I’ve spoken quite a bit about how much I love a good junk shop find. Well, this chair started its life with me when I found it in a skip outside my flat in Tooting Bec, many moons ago. It was chipped, battered, covered in splashes of paint and missing a seat cover but I loved the turned wooden legs and the shape of it (and I felt oddly sentimental about someone throwing it out) so I rescued it.
It then came with me as I moved from flat to flat across London before arriving with me a few years ago at my current home. After all that travelling I thought it deserved a makeover so I gave it my full attention and now it sits, scrubbed up and pretty, next to my other dining chairs like a happily re-homed puppy. In fact I feel so sentimental about this chair I can safely say it will never find itself back on a rubbish pile. We’ve been through a lot together.
Here’s how I upcycled it – I hope it inspires you to do the same!
Step 1: Scrub it clean. This took several goes with a bucket of water and a scrubbing brush. You need to get all the dirt, oil and dust off and also scuff up the surface a bit for the paint to take well.
(I forgot to take a photo of it before I started the first coat of paint but i think you get the picture!)
Step two: Apply your first coat of paint. *disclaimer* I’m a big fan of chalk paint – I’ve painted my entire kitchen and bathroom in the stuff and I planned to use that in this makeover. However, when it came to it I realised I’d nearly run out! So I started with chalk paint then finished with regular Matt emulsion. Which works. But chalk paint is quicker and easier as you don’t need to bother with an undercoat etc.
Step 3: Apply your second coat. In lieu of enough chalk paint I used a Laura Ashley emulsion paint colour called Cloud for the top coat, which is as lovely as it sounds. Bright white with a hint of sky blue. I applied two coats to give a thick, even coverage.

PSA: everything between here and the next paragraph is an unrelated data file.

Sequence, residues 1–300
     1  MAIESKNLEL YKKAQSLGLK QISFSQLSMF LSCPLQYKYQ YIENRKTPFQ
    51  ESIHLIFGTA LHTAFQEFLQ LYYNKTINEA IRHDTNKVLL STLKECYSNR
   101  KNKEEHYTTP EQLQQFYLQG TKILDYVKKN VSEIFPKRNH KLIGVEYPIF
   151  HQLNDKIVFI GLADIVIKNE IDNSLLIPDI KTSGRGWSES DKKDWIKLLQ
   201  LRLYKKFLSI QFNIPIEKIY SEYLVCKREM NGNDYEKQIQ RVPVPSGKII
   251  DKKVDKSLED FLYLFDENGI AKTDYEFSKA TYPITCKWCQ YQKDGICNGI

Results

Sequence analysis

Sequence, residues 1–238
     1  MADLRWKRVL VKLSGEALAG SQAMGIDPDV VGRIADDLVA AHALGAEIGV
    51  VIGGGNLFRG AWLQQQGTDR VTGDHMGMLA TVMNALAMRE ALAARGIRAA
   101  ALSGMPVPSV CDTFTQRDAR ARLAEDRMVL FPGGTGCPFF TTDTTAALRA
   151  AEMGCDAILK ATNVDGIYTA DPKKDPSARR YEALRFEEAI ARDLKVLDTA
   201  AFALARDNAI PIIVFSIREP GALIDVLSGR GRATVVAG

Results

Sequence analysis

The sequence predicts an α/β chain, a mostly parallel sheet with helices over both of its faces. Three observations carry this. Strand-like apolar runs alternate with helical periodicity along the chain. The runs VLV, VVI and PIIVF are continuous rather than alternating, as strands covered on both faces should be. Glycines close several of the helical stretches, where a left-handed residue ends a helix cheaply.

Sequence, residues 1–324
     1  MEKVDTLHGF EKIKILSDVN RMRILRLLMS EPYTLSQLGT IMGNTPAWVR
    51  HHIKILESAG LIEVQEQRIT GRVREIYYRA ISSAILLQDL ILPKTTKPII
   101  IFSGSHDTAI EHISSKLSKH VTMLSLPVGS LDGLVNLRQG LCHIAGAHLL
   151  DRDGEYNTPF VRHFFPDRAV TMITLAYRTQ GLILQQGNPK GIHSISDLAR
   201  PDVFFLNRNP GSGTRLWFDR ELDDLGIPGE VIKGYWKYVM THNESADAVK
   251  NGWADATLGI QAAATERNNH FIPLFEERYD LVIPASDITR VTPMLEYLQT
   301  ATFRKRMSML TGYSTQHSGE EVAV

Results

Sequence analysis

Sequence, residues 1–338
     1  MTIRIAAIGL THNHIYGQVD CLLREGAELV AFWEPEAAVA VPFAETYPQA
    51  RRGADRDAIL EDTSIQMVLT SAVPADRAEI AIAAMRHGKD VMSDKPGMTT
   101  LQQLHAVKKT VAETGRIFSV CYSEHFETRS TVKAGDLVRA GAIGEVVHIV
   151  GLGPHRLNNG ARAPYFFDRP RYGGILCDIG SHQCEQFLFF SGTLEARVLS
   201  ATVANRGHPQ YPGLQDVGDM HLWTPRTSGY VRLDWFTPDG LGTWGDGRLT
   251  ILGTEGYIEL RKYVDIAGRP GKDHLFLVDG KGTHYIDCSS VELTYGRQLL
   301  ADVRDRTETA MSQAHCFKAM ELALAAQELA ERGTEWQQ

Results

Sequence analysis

Step 4: Wax or varnish. Depending on the finish you want, you can now either wax or varnish your chair to lock the colour in and give it a hardwearing finish. (Annie Sloan do great waxes and varnishes.)
Step 5: Remove and cover the seat pad. In the spirit of full honesty, I’m letting you see the underside of the seat pad after I covered it. It’s not pretty! But as no one will ever see this side, I just pulled the material tight and fixed it with drawing pins. An upholsterer would be appalled but then an upholsterer is never going to see the underside of this chair, so I figure that’s ok.
Step 6: Admire your new seat pad from the front. And forget what it looks like on the back…
Step 7: Pop the seat back in.
Step 8: Admire it! See, wasn’t that easy.
Step 9: Give yourself a pat on the back for rescuing something from landfill and giving it a shiny new makeover
Happy upcycling! If you’ve done something similar I’d love to see it – add a photo to the comments below or chat to me on my social channels.
All images: Victoria Harrison